Behavioral analysis of signals that guide learned changes in the amplitude and dynamics of the vestibulo-ocular reflex.

Published

Journal Article

We characterized the dependence of motor learning in the monkey vestibulo-ocular reflex (VOR) on the duration, frequency, and relative timing of the visual and vestibular stimuli used to induce learning. The amplitude of the VOR was decreased or increased through training with paired head and visual stimulus motion in the same or opposite directions, respectively. For training stimuli that consisted of simultaneous pulses of head and target velocity 80-1000 msec in duration, brief stimuli caused small changes in the amplitude of the VOR, whereas long stimuli caused larger changes in amplitude as well as changes in the dynamics of the reflex. When the relative timing of the visual and vestibular stimuli was varied, brief image motion paired with the beginning of a longer vestibular stimulus caused changes in the amplitude of the reflex alone, but the same image motion paired with a later time in the vestibular stimulus caused changes in the dynamics as well as the amplitude of the VOR. For training stimuli that consisted of sinusoidal head and visual stimulus motion, low-frequency training stimuli induced frequency-selective changes in the VOR, as reported previously, whereas high-frequency training stimuli induced changes in the amplitude of the VOR that were more similar across test frequency. The results suggest that there are at least two distinguishable components of motor learning in the VOR. One component is induced by short-duration or high-frequency stimuli and involves changes in only the amplitude of the reflex. A second component is induced by long-duration or low-frequency stimuli and involves changes in the amplitude and dynamics of the VOR.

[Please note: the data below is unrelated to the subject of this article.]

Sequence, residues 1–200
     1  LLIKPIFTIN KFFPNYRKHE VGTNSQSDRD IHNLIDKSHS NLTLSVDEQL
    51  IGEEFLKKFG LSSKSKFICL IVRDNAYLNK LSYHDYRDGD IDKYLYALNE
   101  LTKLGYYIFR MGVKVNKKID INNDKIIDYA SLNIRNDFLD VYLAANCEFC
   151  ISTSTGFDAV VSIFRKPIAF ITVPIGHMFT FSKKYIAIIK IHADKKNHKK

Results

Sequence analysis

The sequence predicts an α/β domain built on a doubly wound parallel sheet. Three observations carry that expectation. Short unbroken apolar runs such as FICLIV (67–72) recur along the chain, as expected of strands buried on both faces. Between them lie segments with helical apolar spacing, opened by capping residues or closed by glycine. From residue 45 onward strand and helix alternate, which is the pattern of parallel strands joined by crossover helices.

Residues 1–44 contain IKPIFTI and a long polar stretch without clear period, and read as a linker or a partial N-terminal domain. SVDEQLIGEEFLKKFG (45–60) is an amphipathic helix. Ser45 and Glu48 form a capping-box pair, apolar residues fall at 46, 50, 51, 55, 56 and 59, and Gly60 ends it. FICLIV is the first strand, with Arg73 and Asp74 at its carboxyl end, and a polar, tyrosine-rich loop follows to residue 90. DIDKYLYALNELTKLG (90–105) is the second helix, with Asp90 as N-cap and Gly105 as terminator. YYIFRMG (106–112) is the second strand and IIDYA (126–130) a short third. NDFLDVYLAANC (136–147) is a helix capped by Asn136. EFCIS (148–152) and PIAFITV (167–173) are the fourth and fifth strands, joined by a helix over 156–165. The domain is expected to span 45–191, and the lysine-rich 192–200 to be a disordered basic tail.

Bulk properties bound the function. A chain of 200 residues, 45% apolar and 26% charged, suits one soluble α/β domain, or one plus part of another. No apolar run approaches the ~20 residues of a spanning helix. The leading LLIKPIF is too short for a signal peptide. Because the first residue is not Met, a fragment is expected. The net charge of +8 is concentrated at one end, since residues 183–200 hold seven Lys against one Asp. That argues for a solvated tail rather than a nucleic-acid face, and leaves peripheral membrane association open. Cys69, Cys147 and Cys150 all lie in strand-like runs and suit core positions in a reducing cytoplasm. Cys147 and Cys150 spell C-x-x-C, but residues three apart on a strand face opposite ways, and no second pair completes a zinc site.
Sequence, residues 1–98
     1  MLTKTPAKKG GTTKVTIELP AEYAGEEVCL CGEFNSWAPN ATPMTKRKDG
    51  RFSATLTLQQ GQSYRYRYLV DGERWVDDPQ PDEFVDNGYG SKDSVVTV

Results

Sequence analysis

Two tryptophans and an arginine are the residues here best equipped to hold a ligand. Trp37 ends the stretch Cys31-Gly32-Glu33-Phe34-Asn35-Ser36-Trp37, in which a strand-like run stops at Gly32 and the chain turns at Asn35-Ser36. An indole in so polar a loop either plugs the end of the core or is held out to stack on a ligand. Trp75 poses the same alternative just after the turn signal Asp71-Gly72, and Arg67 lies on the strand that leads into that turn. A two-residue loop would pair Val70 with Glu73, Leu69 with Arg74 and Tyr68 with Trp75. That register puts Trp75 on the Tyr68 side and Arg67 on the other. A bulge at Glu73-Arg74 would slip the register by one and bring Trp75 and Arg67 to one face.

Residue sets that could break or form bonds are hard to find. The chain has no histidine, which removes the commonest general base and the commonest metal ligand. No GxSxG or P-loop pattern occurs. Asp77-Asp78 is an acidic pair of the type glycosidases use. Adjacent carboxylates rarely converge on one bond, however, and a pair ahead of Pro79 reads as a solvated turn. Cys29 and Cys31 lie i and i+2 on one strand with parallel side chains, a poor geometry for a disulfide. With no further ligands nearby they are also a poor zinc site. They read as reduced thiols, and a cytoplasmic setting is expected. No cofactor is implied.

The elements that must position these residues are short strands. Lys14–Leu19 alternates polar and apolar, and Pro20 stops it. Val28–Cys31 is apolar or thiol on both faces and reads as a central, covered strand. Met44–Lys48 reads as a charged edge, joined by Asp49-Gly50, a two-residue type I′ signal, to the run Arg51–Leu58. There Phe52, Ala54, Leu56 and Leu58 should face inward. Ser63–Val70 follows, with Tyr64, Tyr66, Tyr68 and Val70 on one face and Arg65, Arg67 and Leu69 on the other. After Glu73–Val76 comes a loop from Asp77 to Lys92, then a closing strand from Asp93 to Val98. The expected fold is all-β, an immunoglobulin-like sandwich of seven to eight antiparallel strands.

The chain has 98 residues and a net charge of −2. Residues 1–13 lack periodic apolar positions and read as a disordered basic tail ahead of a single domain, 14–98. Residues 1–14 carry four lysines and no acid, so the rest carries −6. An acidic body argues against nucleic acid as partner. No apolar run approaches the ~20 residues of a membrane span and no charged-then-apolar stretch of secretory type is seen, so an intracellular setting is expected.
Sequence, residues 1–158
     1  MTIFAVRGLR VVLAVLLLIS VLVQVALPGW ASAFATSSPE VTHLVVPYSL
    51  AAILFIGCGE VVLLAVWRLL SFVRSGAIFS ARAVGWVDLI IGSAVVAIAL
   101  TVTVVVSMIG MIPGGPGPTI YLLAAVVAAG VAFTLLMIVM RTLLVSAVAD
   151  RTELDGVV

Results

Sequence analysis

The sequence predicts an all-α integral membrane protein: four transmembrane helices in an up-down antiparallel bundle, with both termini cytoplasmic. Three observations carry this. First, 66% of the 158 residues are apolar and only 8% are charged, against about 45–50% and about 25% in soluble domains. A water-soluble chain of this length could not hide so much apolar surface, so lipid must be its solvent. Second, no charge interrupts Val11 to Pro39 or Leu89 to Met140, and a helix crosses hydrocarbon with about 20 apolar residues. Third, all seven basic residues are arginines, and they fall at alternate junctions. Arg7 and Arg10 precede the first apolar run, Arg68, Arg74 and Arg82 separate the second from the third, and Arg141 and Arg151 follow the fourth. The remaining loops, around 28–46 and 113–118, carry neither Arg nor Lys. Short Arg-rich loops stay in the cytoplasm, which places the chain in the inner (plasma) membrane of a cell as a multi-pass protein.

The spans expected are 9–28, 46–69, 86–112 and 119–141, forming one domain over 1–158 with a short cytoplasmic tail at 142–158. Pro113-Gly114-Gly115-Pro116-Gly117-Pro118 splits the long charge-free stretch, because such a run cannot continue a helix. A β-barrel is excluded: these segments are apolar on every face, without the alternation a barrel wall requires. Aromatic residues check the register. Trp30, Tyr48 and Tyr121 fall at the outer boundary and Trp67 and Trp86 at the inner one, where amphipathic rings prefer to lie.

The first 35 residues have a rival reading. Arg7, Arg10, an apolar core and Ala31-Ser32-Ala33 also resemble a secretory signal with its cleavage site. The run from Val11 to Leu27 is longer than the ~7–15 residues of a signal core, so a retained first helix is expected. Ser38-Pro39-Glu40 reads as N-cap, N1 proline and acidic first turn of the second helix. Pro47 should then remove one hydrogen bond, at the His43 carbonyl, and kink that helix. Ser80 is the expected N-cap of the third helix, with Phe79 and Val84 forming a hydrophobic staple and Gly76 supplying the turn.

Full Text

Duke Authors

Cited Authors

  • Raymond, JL; Lisberger, SG

Published Date

  • December 1, 1996

Published In

Volume / Issue

  • 16 / 23

Start / End Page

  • 7791 - 7802

PubMed ID

  • 8922435

Pubmed Central ID

  • 8922435

International Standard Serial Number (ISSN)

  • 0270-6474

Language

  • eng

Conference Location

  • United States